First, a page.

There’s a spectrum between language type flexibility and language type safety. Dynamic languages are incredibly flexible, you can pass an object that just behaves like a different object and everything will probably work. The language gets out of your way—you don’t have to spend any time doing work explain to the compiler how things fit together—it’ll just run until something doesn’t work and then fail. Languages that boast incredible type safety (like Rust) require you to do a bunch of busywork so that they know the exact structure and capabilities of every piece of data before they’ll do anything with it. Crystal tries to bend this spectrum into a horseshoe and basically ends up with “static duck typing”—if it’s duck shaped at compile time, it will probably be able to quack at runtime.

It definitely takes some getting used to. The flow that I have settled on is writing code with the types that I know, and then seeing if the compiler can work everything out from there. Usually I’ll have made a few boring mistakes (something can be nil where I didn’t expect, for example), and I’ll either be able to work out where the source of the confusing type is, or I can just add some annotations through the call stack. Doing this puts a line in the sand of where the types can vary, making it easy to see where the type mismatch is introduced.

The Crystal compiler error trace can be really daunting, since it spits out a huge trace of the entire call stack of where the argument is first passed to a function all the way to where it is used in a way it shouldn’t be. However once you learn to scroll a bit, it’s not any harder than debugging a NoMethodError in Ruby. At the top of the stack you’ve got the method call that doesn’t work, each layer of the stack is somewhere that the type is being inferred at.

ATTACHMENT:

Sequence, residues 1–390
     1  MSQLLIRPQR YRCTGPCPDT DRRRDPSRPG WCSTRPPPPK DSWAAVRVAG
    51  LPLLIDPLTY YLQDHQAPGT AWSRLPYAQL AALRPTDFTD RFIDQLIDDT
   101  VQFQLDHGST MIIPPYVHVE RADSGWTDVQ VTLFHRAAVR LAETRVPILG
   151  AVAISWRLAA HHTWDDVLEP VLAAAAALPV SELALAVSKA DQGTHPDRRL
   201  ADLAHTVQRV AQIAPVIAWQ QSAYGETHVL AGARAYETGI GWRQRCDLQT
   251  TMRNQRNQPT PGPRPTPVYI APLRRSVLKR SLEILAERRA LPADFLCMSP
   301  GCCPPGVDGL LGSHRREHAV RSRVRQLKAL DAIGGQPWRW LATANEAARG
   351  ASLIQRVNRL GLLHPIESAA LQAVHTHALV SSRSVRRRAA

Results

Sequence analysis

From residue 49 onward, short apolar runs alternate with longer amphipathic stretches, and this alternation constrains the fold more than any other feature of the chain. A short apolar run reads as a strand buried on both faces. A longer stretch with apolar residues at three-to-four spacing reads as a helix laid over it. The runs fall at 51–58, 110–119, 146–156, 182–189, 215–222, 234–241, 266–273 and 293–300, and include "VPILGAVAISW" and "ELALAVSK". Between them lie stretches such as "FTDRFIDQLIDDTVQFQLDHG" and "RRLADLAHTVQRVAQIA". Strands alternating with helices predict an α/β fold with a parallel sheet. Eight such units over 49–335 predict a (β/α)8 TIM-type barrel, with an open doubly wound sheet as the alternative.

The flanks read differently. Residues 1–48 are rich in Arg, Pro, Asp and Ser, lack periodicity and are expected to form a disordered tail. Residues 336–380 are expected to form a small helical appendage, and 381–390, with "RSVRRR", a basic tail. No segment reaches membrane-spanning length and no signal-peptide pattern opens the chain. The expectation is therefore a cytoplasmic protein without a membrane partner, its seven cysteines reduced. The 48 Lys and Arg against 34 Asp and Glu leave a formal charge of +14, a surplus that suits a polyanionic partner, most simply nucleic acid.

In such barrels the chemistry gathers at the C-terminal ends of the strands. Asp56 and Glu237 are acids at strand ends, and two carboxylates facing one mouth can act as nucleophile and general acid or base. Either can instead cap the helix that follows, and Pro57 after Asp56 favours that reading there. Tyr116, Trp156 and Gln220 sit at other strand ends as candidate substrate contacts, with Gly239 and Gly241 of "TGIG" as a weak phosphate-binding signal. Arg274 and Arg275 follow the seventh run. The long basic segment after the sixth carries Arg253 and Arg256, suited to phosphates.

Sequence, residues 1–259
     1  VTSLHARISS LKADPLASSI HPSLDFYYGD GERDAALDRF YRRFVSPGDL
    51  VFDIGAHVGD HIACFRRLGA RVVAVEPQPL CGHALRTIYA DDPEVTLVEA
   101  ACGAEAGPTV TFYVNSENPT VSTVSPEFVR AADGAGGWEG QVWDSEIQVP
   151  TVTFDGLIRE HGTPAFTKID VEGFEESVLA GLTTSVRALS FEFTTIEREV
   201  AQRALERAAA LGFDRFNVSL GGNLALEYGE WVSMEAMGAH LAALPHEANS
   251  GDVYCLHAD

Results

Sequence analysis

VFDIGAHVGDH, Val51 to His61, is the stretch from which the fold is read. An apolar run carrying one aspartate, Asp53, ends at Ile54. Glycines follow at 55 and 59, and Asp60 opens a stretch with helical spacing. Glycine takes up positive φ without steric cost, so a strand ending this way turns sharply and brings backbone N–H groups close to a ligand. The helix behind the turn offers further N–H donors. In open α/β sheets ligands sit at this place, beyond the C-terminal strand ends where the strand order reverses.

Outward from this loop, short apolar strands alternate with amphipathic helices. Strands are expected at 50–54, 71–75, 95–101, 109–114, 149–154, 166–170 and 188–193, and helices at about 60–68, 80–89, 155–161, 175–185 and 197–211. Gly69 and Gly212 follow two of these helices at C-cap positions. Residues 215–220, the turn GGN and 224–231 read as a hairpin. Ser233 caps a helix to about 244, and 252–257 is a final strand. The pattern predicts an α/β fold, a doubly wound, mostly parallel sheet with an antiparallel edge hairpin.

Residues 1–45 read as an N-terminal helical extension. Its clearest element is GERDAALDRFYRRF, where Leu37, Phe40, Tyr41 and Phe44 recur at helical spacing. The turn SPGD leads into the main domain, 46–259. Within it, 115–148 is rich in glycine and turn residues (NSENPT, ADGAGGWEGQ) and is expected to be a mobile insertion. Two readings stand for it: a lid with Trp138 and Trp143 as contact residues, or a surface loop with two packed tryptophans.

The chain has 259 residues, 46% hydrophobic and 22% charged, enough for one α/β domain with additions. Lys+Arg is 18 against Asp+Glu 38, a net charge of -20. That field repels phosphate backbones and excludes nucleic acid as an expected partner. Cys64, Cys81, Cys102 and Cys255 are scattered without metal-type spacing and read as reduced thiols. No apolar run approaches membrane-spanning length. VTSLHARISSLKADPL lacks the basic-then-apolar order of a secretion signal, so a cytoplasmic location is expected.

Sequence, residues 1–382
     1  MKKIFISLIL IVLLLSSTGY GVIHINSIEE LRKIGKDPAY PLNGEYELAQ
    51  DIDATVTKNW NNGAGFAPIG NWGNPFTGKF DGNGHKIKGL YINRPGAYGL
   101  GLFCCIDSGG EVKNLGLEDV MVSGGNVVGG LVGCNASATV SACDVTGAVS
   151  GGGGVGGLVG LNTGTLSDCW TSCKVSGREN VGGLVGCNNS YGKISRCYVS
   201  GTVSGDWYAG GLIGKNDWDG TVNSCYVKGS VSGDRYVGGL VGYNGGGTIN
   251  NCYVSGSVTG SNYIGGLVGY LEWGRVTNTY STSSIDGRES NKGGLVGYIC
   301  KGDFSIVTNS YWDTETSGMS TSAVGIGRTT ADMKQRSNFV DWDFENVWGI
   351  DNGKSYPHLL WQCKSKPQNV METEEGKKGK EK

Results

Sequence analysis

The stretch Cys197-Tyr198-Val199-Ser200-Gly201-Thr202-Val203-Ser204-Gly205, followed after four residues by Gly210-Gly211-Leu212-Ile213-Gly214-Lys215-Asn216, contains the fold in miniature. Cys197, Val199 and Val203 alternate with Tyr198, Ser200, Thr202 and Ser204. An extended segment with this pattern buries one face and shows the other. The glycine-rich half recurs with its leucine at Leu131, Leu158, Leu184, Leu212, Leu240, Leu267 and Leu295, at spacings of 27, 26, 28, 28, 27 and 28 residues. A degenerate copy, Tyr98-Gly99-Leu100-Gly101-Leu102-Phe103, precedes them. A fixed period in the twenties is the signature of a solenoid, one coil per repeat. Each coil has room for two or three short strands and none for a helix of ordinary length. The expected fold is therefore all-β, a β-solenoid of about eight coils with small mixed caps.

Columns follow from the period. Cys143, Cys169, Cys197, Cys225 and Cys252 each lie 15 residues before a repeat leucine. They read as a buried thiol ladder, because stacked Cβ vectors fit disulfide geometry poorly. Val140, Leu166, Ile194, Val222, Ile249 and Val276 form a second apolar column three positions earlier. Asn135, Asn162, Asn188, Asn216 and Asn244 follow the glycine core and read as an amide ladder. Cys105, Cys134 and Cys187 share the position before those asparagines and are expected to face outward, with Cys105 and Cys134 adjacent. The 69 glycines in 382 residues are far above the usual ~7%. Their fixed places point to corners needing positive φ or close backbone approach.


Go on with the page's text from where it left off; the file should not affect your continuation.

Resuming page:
This can get confusing as you get more layers of indirection—like the result of a method call from an argument being the wrong type to pass into a later function—but I don’t think this is any more confusing than the wrong-type failures that you can get in dynamic languages. Plus it’s happening before you even have to run the code.

A downside of Crystal’s type system is that the type inference is somewhat load-bearing. You can’t express the restrictions that the type system will make from omitting type annotations, the generics are not expressive enough. So very occasionally the answer to fixing a type error is to remove a type annotation and have the compiler work it out.

Standard Library

This is probably the thing that keeps me locked in to using Crystal. Since I’m reasonably familiar with the Ruby standard library, I was right at home using the Crystal standard library from day one. As well as being familiar, it’s also just really good.

Rust—by design I’m pretty sure—has a very limited standard library, so a lot of the common things that I’d want to do (HTTP client and server, data serialisation, for example) require third-party libraries. Since Crystal has a more “batteries included” standard library, it’s easier for my small projects to get off the ground without me having to find the right combinations of libraries to do everything I want.

API design is hard, and designing a language’s standard library is especially difficult, since you want to leave room for other applications or libraries to extend the existing functionality, or for the standard library types to work as an intermediary between multiple libraries that don’t have to be specifically integrated together. This is where I really appreciate the HTTP server and I/O APIs. The HTTP server in the standard library is really robust, but the HTTP::Handler abstraction means that you can fairly easily replace the server with another implementation, or libraries can provide their own handlers that plug into the existing HTTP::Server class.

The IO API is especially refreshing given how hard it is to read a file in Swift. It’s a great example of making the easy thing easy, but then making the more correct thing both not wildly different, or much harder.

# Reading a file as a String is so easy:
contents = File.read(path)
# do something with contents
# And doing the more correct thing is just one change away: